How to Add Styles to Element in Vanilla JavaScript

How to Add Styles to Element in Vanilla JavaScript

Learn about various ways of adding styles to elements in JavaScript
Ferenc Almasi β€’ 2022 May 19 β€’ Read time 4 min read
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To add styles to an element in vanilla JavaScript, you can use the following helper function which expects a DOM element and a list of styles as an object:

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const style = (node, styles) => Object.keys(styles).forEach(key =>[key] = styles[key])

// Use it in the following way:
const element = document.querySelector('h1')

style(element, {
    background: 'black',
    color: 'yellow'

This works by looping through the keys of the styles object which it expects as a second parameter. In this case: background and color. Then, for each key, it sets the appropriate style property of the passed DOM element. This means you have to name the keys as valid CSS properties. Essentially, in the loop, this will translate to the following:

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Manually set the style object of the element

This takes us to the second example, where you could also directly do the above and set the styles of an element by using assignments:

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const element = document.querySelector('h1') = 'black' = 'yellow'

To find out what CSS properties are available on the element you are working with, simply grab an element and log its style object to the console. This will give back a CSSStyleDeclaration object:

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// Gives back
-> CSSStyleDeclaration {
    accentColor: ""
    additiveSymbols: ""
    alignContent: ""

Notice that styles that otherwise use dashes in CSS are converted into camelCase in JavaScript. For example, instead of "align-content", you can reference alignContent.

Using the cssText property

There is also a cssText property on the style object. This contains all the styles represented as a single string. Keeping with the above example, our element's cssText would be the following:

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'background: black; color: yellow;'

// Or you can overwrite it in the following way:
const element = document.querySelector('h1') = 'background: black; color: yellow;'

Make sure you pass a string to this property. All CSS properties must be separated by a semi-colon. You can also combine this approach with a more declarative function that generates the necessary styles out of JavaScript objects:

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const book = {
  content: 'πŸ“’',
  display: 'block',
  padding: '20px',
  background: 'yellow'

const getStyles = obj => Object.keys(obj).map(key => `${key}:${obj[key]}`).join(';');

// Later you can call the function to inline the styles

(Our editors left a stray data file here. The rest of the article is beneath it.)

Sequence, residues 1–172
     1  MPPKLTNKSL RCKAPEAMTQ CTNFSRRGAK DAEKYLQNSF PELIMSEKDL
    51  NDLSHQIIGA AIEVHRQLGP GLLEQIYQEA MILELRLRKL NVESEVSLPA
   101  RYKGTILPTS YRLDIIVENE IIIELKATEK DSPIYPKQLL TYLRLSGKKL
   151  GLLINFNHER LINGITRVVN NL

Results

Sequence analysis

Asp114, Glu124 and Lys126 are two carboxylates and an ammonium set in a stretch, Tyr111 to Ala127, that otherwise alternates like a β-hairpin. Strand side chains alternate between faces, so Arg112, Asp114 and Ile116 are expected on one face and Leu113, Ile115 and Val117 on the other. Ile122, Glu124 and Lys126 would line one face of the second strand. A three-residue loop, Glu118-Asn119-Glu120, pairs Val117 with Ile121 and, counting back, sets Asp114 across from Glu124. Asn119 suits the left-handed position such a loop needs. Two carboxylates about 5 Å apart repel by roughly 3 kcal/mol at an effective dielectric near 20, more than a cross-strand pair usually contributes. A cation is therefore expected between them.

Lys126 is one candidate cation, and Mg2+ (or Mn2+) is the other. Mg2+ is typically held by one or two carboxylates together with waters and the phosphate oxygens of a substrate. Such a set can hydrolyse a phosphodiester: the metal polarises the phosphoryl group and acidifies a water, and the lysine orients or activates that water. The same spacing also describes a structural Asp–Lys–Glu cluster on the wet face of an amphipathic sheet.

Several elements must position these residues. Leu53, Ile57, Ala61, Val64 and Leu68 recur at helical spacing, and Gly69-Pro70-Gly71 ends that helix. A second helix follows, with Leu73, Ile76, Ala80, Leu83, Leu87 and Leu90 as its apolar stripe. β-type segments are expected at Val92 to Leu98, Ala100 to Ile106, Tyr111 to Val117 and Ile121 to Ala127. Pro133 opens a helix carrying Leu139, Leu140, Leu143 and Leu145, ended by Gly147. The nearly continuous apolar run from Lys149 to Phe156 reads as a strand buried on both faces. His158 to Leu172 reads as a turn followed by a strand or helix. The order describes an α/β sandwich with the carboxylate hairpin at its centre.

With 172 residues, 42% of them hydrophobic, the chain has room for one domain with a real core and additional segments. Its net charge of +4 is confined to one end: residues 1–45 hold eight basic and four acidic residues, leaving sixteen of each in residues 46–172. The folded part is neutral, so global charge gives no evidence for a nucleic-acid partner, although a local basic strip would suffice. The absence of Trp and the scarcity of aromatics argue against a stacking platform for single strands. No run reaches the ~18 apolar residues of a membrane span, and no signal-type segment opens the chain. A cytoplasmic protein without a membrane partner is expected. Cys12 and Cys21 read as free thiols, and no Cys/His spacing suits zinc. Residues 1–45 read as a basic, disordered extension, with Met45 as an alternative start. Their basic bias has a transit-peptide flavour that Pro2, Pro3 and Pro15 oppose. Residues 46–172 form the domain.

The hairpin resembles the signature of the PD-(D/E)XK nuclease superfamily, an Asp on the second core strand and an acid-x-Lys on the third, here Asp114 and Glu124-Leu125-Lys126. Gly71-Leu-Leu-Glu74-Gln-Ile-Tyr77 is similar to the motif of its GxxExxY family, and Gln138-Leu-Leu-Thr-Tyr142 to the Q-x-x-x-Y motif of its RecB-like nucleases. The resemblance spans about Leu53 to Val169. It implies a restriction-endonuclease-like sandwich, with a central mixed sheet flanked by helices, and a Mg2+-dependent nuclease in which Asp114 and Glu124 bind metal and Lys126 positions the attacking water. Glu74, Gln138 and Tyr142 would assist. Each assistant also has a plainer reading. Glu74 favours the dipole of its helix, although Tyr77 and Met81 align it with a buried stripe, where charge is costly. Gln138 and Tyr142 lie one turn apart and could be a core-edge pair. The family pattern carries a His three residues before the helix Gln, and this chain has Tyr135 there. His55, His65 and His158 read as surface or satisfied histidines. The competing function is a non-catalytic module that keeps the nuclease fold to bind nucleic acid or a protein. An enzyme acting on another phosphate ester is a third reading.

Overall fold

// Or assign it directly to your cssText = getStyles(book)

This function works by (similarly to the previous helper function):

  • First looping through the keys of the object with Object.keys
  • For each key, it returns with a new string (the key and value combined), by calling map
  • Lastly, it joins everything together with a semicolon, using join

If you have multiple styles to take care of, you can also take this one step further and use the below assignment to generate them in one go:

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const styles = {
    heroCTA: {
        display: 'block'
    heroImage: {
        display: 'block',
        width: '100%'

const getStyles = obj => Object.keys(obj).map(key => `${key}:${obj[key]}`).join(';');

const generatedStyles = Object.fromEntries(
          .map(([element, style]) => [element, getStyles(style)])

// This will generate the following object:
    heroCTA: 'display:block',
    heroImage: 'display:block;width:100%'
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Using a style tag

Lastly, you can also dynamically create a style tag and append it to the body to add global styles to your app via JavaScript. To do this, you can use the following code snippet:

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const style = document.createElement('style')

style.innerHTML = `
    h1 {
        background: 'black';
        color: 'yellow';


You can use a template literal to break your CSS into multiple lines for improved readability. Don't forget to actually append the element to your head after you created the CSS.

To add styles to elements in JavaScript, you can use:

  •[property], eg.:
  •, eg.: 'color: yellow;'
  • A dynamically created style tag for global styles
  • A helper function for looping through object of styles
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